• Order delivery directly from the restaurant (avoid third-party apps such as Seamless or UberEats)
  • Go directly to the restaurant and pick up a take-out order.
  • Don’t forget to tip workers.
  • Buy gift cards or merchandise. Even if you can’t use the gift cards now, it helps the restaurant greatly and will give you an excuse to go back as soon as the crisis slows.
  • Research relief funds or campaigns that may be working to collect money for a specific restaurant, bar, or cafe in your community.
  • Don’t be afraid to support local businesses as soon as it’s safe to dine out again.

Additionally, the Restaurant Workers Community Foundation is an organization dedicated to providing direct relief to individual restaurant workers and non-profit organizations serving restaurants. You can donate to them here.

Practice conscious consumerism at stores. Don’t panic-buy, and don’t hoard medical supplies (such as masks) that healthcare workers who are constantly exposed to the virus desperately need.

While the pandemic may feel nerve-wracking and apocalyptic at times, it’s important not to panic when it comes to buying groceries and supplies. Be mindful of how much food you’re purchasing, and try not to take everything off the shelves. Purchasing an excessive amount of food just means limiting supplies for someone else.

Additionally, don’t rush to panic-buy masks and protective equipment. The World Health Organization has warned that doing so can take important protective gear out of the hands of healthcare workers who are working on the frontlines, and exposed to the virus daily. As the number of infections in the US increases, the White House is expected to suggest that even healthy Americans wear a protective cloth in public. For guidance on how to easily make your own protective face mask at home, look here.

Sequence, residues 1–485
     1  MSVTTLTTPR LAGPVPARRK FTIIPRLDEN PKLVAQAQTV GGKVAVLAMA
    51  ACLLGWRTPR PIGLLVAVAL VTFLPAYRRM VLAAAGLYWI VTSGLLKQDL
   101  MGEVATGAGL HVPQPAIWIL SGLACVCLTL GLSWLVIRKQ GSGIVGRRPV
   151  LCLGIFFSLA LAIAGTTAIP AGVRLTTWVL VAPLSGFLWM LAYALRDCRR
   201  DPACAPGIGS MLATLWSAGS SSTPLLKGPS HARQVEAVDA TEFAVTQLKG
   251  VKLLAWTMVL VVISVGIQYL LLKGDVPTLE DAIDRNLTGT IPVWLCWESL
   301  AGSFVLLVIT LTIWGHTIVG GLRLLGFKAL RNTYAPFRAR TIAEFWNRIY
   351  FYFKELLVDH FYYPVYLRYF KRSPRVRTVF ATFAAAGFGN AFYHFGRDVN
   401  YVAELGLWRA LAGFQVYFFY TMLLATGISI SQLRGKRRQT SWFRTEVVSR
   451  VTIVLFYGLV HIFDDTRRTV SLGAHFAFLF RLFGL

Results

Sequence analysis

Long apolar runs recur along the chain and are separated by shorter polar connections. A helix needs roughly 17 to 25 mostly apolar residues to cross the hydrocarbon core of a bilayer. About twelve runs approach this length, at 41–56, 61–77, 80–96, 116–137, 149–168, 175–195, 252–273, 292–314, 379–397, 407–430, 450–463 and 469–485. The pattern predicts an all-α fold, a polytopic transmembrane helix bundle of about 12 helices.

If you are young and healthy, you can volunteer to safely run errands or deliver supplies to those who are elderly or immunocompromised.

The coronavirus is known to be a greater risk to older individuals and those with pre-existing health conditions, causing many to fear going to grocery stores or pharmacies. Community organizations have sprung up across the country that offer support and delivery services to at-risk individuals. In New York, the hardest-hit state in the US, healthy individuals can sign up to delivery groceries and medical supplies to at-risk community members through a service called Invisible Hands.

Additionally, AARP has a volunteer platform where local volunteers can offer to pick up groceries or provide emotional support to elderly individuals in their communities. If you have an at-risk neighbor or loved one, consider offering to go to the store and run errands for them on a weekly basis.